In short, it's that journalists treat it as print. They're getting better, but there's still a heck of a lot of crimes against the series of tubes going on.
For a start, they write in long paragraphs. Journalists and citizen journalists alike don't seem to be able to grasp the concept that four or five sentences for an online paragraph is too damn long. People don't want to be staring at the same area of screen for too long.
You see, staring at a screen for too long will make your eyes sore, so that's why our natural reaction is to look away. Eye strain is something that a lot of journalists just don't take into account when writing an article.
Think about it. Have you ever read an article or forum post only to close the browser a minute or two later? Have you ever just looked at an article and gone to another page? A quick look at Google analytics will tell you that people spend only a minute and a half on any given blog post.
People are picky about their online writing. If they are going to spend too long reading it, they're just not going to read it. If they are going to read it however, they won't be wanting to spend all their time rereading that particular sentence over and over again.
The difference, in my opinion, between citizen journalists and established journalists is vocabulary. Citizen journalists seem to be hell bent on telling the world 'I have a vocabulary, tell me how smart I am', whereas established journalists take their audience into account.
They want to make their article accessible for as many people as possible. They will avoid jargon (unless writing for a specialist publication) and keep their language as simple. This becomes even more important when writing online, because rereading a sentence online is something that is just not done.
It's okay to admit that you pick up the Sunday paper, and have to reread sentences in certain articles. That's okay, everybody does it. A good journalist will try and make sure that you never have to reread a sentence, but in print it is forgivable.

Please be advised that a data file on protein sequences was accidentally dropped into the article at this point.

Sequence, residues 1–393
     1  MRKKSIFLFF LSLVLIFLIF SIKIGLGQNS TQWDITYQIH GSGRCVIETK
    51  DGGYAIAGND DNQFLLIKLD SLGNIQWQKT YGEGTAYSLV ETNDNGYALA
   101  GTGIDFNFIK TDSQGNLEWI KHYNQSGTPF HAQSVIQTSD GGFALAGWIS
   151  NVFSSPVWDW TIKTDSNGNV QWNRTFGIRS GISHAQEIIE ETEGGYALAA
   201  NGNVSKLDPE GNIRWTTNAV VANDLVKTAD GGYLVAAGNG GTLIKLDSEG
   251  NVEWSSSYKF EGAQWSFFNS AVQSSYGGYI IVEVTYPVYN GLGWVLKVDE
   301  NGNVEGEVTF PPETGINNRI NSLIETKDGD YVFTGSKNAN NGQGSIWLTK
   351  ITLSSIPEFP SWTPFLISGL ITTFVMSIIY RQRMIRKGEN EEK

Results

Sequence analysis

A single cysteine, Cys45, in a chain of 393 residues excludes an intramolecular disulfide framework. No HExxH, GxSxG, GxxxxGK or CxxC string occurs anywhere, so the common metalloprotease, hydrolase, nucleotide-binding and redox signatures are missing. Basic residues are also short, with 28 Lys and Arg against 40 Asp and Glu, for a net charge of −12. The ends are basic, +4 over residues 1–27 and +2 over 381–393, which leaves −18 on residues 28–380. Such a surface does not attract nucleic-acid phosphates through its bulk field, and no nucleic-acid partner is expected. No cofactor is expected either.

Online, that's another story. Because people don't like to spend too long reading on-screen text, making the reader reread a line wastes valuable time and leads to eye strain. The same principle goes for structure and grammar.
Ideally, you want an article to flow. You want to be able to jump from one subject to the next with great bridges between paragraphs. Like I did just there, you want to let the reader know what to expect before they get there.
That's what a great article should be, a scenic drive. It should feel like nice Sunday drive into the countryside where the roads are smooth, and the banter between driver and passengers is just so.
Online journalism, at it's ideal, should be about simplicity. Yet, many people seem to think that because they're writing for the World Wide Web that they have to show how clever they are. If you want to show me that you're clever, create witty and insightful comment using simple language.
Just as the best meals are simple feasts using hearty ingredients, so should online journalism be about creating masterpieces out of the bare essentials.